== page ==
Thursday, 14 August 2014

Sea day

Today we have declared a sea day, which means we stay on site. The weather forecast was not promising but it’s sunny and warm and I manage to get Alex out of bed and down to the pool. He goes in the water while I sit and read the autobiography of Clough Williams-Ellis who founded Portmeirion. Alex persuades me into the water, which seems colder today than last time, but I soon return to my sunlounger. As we leave the pool Simon comes down to meet us. I’ve realised that there’s a route from the corner of the pool area to the viewpoint adjacent to the Gate House, and we walk back that way.

Lunch is whatever we can find in the fridge – we’re eating out tonight so apart from tomorrow’s breakfast this is the last meal in the cottage. Then we go back out to try and walk out onto the estuary. It’s pretty time-sensitive – it’s recommended to leave the estuary at least two hours before high tide – but at low tide it appears to be possible to walk right out to the island.

The tide is going out but we can’t see a way across yet. Instead, we walk around the peninsula and explore the beaches we find on the way. I head for an impressive beached tree, only to find two enormous Portuguese man o’war jellyfish beached nearby.

We make it almost to Portmadog but there’s a deep channel that means we can go no further. There are warnings of quicksand posted along the beaches and in places we sink to above our ankles, which deters us from venturing too far from the firm sand. As we walk back along the shoreline the water is noticeably lower and we think again about going further out into the estuary. But there still seem to be deep areas and we’re not certain enough of our way ahead.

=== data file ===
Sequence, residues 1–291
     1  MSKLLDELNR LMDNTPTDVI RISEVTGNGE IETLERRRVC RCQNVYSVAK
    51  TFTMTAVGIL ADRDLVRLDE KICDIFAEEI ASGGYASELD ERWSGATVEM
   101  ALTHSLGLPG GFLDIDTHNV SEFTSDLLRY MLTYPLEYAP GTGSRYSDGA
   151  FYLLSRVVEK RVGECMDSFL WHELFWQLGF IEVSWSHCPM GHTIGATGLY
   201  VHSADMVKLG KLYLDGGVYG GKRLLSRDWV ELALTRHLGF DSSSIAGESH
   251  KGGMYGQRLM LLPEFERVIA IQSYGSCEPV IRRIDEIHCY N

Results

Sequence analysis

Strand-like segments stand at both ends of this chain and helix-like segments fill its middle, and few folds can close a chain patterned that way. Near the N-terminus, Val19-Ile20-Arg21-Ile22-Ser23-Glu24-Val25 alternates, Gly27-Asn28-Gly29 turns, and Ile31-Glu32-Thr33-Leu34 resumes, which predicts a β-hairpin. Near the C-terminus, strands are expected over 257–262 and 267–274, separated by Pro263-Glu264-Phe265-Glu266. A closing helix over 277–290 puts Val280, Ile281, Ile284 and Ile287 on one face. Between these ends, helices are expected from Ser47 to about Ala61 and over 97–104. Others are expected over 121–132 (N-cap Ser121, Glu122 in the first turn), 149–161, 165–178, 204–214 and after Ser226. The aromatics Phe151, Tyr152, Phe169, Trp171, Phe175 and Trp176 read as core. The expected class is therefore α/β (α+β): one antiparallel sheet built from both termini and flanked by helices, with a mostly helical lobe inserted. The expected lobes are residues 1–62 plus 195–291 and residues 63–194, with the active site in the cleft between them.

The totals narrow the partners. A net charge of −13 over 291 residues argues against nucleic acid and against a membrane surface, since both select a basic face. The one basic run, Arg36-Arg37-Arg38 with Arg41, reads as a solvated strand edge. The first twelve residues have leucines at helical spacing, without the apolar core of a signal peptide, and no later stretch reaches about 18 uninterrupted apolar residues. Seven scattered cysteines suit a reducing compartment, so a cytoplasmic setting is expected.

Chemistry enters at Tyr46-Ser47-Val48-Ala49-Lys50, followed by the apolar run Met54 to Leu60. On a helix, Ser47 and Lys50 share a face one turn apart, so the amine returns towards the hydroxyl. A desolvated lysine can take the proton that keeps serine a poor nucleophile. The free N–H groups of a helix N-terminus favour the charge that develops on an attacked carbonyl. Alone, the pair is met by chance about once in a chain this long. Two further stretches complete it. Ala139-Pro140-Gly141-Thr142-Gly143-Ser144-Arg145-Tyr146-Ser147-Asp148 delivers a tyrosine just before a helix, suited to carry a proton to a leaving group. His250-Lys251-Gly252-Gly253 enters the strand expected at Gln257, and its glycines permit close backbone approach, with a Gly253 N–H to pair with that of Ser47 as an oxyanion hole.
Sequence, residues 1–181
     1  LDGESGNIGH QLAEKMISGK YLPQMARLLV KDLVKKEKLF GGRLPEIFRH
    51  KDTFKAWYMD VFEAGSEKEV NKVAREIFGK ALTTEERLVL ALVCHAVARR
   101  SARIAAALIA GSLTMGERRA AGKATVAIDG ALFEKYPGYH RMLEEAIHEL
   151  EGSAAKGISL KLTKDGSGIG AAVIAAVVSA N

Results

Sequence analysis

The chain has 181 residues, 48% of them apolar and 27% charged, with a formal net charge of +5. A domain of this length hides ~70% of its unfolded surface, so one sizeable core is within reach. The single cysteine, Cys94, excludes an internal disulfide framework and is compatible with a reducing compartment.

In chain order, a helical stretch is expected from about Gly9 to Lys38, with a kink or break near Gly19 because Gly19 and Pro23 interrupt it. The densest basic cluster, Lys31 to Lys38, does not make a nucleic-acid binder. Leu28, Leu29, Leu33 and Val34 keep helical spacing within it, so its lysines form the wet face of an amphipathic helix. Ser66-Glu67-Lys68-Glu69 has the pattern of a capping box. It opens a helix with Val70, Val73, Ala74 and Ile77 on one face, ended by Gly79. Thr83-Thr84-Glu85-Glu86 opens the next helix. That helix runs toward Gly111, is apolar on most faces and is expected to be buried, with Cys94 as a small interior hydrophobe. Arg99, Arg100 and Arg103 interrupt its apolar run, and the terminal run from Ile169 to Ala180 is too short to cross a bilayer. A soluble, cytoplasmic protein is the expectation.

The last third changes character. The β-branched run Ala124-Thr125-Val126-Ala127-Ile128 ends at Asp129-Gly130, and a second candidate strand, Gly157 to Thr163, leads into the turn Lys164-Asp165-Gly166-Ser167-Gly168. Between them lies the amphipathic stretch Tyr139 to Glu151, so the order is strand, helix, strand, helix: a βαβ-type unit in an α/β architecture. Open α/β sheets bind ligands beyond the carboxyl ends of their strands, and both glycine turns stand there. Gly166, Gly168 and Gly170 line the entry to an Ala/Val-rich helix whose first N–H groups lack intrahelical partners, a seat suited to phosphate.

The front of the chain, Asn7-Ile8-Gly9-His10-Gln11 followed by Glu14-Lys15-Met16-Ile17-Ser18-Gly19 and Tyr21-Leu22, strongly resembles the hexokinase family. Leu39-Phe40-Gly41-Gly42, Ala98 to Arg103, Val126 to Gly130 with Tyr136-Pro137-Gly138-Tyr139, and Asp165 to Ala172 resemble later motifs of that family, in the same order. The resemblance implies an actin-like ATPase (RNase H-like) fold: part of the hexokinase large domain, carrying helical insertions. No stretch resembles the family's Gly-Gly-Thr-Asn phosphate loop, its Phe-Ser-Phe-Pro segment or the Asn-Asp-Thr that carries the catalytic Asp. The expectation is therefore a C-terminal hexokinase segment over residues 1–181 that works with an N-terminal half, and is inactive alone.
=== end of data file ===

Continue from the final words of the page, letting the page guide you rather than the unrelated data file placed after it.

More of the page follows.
Arriving back at the hotel we notice people out on the sandbar in the estuary. It’s still not clear how they got there, but another person sets off from near White Horses and wades across. It seems quite shallow but at one point he seems to be up to his chest. It seems quite a risky prospect and in the end we decide to stay put – actually, the sand bar is quite featureless and wouldn’t compare with the rock formations we saw walking along the shoreline. There were even sections of pure white marble sandwiched between the rocks.
We have to pack now, ready to vacate tomorrow morning. Then we stroll down to the hotel for dinner, stopping on the way to record the 7pm chimes of the clock which plays the Welsh National Anthem. The water is even lower now, and as we sit on the terrace with pre-dinner drinks the clouds are reflected in what’s left of the water – it’s stunningly beautiful.

The food is excellent. After dinner we head back to the Gate House for cheese and a final drink. It will be a wrench to leave this place.

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